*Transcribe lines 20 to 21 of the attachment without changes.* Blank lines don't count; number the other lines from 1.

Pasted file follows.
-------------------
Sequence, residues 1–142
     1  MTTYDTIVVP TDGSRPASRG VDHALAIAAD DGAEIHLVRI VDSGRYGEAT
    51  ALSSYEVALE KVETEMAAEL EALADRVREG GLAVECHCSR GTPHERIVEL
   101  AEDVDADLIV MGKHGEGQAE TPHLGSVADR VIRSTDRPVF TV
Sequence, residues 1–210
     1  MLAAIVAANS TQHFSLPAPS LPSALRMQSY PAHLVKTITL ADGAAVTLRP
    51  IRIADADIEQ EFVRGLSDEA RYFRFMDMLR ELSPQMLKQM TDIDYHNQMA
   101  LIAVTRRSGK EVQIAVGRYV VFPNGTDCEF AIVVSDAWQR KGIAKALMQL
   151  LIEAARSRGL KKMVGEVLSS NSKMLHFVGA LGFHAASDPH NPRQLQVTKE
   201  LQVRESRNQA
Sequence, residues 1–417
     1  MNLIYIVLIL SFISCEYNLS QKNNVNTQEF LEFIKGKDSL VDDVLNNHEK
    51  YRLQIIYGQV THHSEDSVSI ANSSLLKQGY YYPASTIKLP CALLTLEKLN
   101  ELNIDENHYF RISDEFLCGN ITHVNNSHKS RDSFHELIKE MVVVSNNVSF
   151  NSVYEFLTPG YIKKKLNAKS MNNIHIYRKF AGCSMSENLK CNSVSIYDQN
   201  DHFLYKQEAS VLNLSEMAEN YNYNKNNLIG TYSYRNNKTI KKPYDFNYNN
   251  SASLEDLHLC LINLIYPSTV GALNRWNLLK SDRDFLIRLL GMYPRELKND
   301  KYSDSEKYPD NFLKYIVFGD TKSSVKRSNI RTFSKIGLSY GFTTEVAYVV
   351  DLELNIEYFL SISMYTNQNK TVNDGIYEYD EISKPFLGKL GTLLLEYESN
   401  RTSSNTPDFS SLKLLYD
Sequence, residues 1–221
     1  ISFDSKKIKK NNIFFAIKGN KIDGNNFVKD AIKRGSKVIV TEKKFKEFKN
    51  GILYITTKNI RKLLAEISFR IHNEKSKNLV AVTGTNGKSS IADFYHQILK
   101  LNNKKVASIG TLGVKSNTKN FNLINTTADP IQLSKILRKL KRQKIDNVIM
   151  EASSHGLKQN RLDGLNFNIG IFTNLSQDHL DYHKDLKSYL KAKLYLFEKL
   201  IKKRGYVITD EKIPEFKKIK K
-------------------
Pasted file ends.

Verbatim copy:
   401  RTSSNTPDFS SLKLLYD
Sequence, residues 1–221